The Partners in Health Sciences (PIHS) program, which targets lung, heart and skin health, has reached more than 21,300 teachers and provided nearly 80,000 hours of training throughout the state since its inception in 1991. The program has been awarded more than $2.9 million in extramural funding since 1991.
"There are about 90 million children in schools in the nation and this represents a captive audience wanting to know more about how the human body works," said Bob Burns, Ph.D., founding director of the PIHS program, and a professor in the UAMS Department of Neurobiology and Developmental Sciences. "By bringing their teachers up to speed in modern health science topics, the PIHS program gives them the confidence and tools to better communicate the importance of a healthy lifestyle."
The PIHS program at UAMS was recently awarded $100,000 from the Arkansas Department of Human Services, $55,378 from the Arkansas Cancer Coalition and $25,000 from the Arkansas Department of Health.
Burns, who has been the sole trainer for the PIHS outreach program since 2001, travels the state offering workshops in community settings, affording teachers a short drive to attend the professional development sessions. They participate in a highly interactive three-hour class and are given kits to help relay that information in their classrooms.
"Because diseases of the heart, lungs and skin begin in childhood, this outreach effort will eventually have an impact on the health of Arkansans," Burns said. "Ultimately we're looking at making a noticeable reduction in the overall health care costs of the state."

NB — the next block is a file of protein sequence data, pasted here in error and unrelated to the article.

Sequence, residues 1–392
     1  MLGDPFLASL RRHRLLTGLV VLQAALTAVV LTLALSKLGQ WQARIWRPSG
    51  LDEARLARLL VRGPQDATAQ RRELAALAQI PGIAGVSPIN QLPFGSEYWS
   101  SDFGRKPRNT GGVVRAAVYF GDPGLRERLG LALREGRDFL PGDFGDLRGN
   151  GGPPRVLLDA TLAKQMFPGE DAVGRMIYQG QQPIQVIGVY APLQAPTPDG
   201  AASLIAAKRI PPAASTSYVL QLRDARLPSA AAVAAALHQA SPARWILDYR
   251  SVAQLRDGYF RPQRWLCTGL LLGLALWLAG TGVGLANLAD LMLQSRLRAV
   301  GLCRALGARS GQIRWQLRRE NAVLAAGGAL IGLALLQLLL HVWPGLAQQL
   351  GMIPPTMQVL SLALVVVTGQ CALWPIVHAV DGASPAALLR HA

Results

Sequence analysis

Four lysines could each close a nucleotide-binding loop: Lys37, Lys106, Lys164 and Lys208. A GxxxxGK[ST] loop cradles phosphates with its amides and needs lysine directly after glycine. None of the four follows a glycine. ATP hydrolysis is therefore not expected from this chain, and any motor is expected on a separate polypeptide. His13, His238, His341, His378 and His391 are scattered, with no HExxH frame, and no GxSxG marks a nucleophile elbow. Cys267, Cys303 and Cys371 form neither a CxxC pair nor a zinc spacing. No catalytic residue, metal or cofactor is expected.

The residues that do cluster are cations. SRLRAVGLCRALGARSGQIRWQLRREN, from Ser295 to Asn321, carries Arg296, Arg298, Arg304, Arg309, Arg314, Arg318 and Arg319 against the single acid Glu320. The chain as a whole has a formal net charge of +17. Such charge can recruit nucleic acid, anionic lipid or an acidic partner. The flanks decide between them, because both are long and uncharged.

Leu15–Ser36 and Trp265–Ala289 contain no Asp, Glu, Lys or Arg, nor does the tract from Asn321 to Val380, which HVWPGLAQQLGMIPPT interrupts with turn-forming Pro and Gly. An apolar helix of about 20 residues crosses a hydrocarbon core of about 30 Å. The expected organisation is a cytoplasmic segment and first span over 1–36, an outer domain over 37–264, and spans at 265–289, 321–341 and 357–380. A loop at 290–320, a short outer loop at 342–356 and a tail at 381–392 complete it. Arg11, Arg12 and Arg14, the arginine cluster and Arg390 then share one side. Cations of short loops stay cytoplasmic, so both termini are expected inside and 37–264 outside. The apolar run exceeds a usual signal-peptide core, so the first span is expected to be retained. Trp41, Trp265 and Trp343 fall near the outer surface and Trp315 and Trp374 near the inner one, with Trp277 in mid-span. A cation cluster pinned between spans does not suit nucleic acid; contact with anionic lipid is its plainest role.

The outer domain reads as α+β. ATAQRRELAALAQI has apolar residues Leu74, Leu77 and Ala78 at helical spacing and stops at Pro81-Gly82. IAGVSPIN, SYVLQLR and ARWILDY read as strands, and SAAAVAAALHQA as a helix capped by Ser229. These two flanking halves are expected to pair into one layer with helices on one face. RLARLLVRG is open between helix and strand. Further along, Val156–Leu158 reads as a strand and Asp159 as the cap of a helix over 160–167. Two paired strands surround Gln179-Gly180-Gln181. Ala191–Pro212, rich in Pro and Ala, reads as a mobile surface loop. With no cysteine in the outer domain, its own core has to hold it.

Research shows that early intervention is not only the best prevention of not smoking, but important in other key health factors, Burns said. A study done by Burns and published in 2011 on the program's impact shows that more than 98 percent of the workshop's participants strongly agreed to continue using the tools learned by the PIHS outreach. It also showed a large number of participants used materials and knowledge from the PIHS workshop to develop their own lessons to teach students.
"The program works," Burns said. "The research show how motivated and innovative many teachers are relative to the training they receive in the workshops. This is preventive medicine through education, increases students' fundamental knowledge about the human body, and provides them with a solid base from which to make healthy lifestyle choices."